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Reserve Bank of New Zealand to Raise Rates Later Today

One of the strongest economies in the world is New Zealand. The country has been able to benefit economically, initially from the rebuilding of the Christchurch area after the devasting earthquake
Greg Michalowski, Founder and President of GregMikeFX.com, a foreign exchange consulting company, and author of Attacking Currency Trends (WIley Publishing) has 28 years experience as a trader and financial analyst. His career began at Citibank New York and later at Citibank London where he was a Vice President and trader of interest rate derivatives. He later joined Credit Suisse First Boston, New York, in the same capacity as a derivatives trader and market maker in the banks Funding Department. In 2000, Greg transitioned to FXDD where he was one of the founding employees of FX DirectDealer (later FXDD). While at FXDD, he helped manage the currency risk, and later become the Chief Currency Analyst. Greg has educated and spoken around the globe to thousands of retail traders. He has written for various publications including Equities magazine. His thoughts on the forex market have appeared in the Wall Street Journal, Bloomberg, and Thomson Reuters.
Greg Michalowski, Founder and President of GregMikeFX.com, a foreign exchange consulting company, and author of Attacking Currency Trends (WIley Publishing) has 28 years experience as a trader and financial analyst. His career began at Citibank New York and later at Citibank London where he was a Vice President and trader of interest rate derivatives. He later joined Credit Suisse First Boston, New York, in the same capacity as a derivatives trader and market maker in the banks Funding Department. In 2000, Greg transitioned to FXDD where he was one of the founding employees of FX DirectDealer (later FXDD). While at FXDD, he helped manage the currency risk, and later become the Chief Currency Analyst. Greg has educated and spoken around the globe to thousands of retail traders. He has written for various publications including Equities magazine. His thoughts on the forex market have appeared in the Wall Street Journal, Bloomberg, and Thomson Reuters.

One of the strongest economies in the world is New Zealand. The country has been able to benefit economically, initially from the rebuilding of the Christchurch area after the devasting earthquake of 2011, and then by a housing boom which has required raising rates and lmposing lending limits on the banks of the small island nation. The economy has also benefitted from being an exporter of “soft” commodties to emerging nations in the region – led by China.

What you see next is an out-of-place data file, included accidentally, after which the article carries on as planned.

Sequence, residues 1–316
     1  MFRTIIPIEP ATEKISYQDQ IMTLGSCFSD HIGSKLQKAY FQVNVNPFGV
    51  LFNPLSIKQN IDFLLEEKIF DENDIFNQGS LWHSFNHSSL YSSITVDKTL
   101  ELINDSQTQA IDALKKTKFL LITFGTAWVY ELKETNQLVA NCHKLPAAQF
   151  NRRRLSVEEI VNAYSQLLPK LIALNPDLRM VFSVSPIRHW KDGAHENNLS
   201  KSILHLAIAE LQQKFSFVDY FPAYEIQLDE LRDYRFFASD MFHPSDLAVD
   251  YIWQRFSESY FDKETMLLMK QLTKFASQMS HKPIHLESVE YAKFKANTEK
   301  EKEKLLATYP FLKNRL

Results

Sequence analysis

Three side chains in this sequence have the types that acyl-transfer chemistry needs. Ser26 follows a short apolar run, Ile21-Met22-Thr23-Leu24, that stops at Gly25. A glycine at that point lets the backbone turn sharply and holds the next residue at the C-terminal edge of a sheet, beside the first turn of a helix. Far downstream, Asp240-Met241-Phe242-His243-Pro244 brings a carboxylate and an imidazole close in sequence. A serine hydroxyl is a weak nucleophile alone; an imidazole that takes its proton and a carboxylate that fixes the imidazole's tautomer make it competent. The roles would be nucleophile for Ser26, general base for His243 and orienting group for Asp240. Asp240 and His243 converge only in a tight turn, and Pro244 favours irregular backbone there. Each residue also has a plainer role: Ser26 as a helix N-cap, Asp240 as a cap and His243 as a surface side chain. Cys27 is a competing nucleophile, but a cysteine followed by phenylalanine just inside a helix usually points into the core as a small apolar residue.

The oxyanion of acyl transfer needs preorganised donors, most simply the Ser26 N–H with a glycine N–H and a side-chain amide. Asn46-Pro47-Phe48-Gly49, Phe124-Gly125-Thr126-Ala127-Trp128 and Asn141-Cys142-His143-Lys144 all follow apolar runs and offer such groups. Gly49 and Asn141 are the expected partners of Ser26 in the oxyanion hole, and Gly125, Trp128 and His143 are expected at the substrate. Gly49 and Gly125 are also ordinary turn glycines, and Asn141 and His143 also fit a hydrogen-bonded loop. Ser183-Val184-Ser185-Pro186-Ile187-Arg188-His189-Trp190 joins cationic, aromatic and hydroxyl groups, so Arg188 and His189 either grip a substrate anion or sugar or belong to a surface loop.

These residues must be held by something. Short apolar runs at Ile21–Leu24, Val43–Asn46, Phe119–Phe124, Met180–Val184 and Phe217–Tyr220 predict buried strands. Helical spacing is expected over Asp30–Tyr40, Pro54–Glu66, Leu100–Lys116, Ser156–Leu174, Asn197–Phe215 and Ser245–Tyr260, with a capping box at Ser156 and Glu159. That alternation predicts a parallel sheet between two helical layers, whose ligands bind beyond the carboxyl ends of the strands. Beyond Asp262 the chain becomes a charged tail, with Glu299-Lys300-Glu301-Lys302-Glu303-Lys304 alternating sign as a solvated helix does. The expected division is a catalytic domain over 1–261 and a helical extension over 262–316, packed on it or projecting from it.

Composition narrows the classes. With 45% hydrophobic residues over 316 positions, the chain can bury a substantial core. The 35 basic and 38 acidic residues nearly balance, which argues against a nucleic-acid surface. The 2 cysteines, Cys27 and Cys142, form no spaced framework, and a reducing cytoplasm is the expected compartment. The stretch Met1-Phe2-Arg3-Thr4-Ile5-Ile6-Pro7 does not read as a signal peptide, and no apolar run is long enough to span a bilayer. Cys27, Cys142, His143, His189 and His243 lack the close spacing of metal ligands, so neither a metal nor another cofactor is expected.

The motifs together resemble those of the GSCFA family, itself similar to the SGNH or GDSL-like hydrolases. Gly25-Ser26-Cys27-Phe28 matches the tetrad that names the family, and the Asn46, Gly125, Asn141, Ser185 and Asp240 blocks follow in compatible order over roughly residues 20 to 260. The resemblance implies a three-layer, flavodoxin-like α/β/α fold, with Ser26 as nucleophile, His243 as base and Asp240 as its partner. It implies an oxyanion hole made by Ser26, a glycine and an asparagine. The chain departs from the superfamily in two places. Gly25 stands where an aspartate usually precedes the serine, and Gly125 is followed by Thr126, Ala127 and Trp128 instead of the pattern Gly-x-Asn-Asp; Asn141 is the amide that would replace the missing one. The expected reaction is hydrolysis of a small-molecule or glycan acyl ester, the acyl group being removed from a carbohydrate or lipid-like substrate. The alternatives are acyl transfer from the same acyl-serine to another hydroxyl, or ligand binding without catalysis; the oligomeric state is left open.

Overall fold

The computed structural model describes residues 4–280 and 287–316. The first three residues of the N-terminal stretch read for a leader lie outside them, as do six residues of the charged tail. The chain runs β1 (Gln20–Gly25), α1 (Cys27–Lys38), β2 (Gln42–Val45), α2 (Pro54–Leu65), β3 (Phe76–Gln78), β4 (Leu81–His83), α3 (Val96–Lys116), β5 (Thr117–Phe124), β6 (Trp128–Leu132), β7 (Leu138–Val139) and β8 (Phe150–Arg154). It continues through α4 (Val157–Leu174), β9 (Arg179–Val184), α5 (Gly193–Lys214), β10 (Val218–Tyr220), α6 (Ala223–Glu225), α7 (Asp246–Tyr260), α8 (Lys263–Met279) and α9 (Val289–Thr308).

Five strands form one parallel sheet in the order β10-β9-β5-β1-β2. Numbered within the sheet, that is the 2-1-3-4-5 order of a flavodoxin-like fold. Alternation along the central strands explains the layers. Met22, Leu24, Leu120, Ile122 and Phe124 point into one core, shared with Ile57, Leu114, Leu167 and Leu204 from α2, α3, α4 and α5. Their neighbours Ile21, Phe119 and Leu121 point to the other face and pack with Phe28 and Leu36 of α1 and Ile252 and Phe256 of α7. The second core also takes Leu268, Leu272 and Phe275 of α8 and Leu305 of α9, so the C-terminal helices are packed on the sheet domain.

In February 2014, Governor Wheeler of the Reserve Bank of New Zealand raised rates for the 1st time since the 50 basis point cut in March of 2011, soon after the earthquake.  At each subsequent meeting since February, Wheeler has raised rates by 25 basis points. 

At 5 PM ET/9 PM GMT on Wednesday, the expectations are for another rise of 25 basis points to 3.5%. This would be the fourth rise during which time, the rate has moved up from 2.5% to 3.5%.  

Since New Zealand is the only “major” country to raise rates in 2014, their currency has also been one of the strongest of the year. The New Zealand dollar is higher against all the major currencies in 2014, with the lone exception of the Australian dollar with which it is little changed.  Against the US Dollar, Euro, Swiss Franc and Canadian Dollar the Kiwi (the nickname for the currency) is up by greater than 5.75%.  

What makes this meeting different from the others is that next month the central bank does not meet and in September, there is an election which may give the central bank cause for pause.  As a result, it is not so much what they are to do tomorrow, but what they may say about the chance of a change in rates come September.  Will they signal that the tightening will likely take place right before an election?

On Wednesday (Thursday in New Zealand), Governor Wheeler will issue a statement and will speak after the meeting as well. So all eyes and ears will be on what is said and/or implied. If he indicates that they will pause and assess the impact over the next few months, expect a fall in the NZDUSD and a test of the 100 day moving average at the 0.8618 level.  A break of that level would then look to target the 0.8500 area.  

If on the otherhand, he expresses the need to keep the tightening cycle going, a move back toward the 0.8800 level and then the high for the year at 0.8835, would be the technical targets for traders.